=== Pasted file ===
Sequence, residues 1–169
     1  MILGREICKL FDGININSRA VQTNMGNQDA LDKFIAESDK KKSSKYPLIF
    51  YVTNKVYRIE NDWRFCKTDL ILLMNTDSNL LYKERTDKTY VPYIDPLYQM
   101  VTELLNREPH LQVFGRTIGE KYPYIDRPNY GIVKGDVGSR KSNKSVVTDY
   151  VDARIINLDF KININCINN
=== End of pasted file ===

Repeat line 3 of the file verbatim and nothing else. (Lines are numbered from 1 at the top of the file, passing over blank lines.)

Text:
    51  YVTNKVYRIE NDWRFCKTDL ILLMNTDSNL LYKERTDKTY VPYIDPLYQM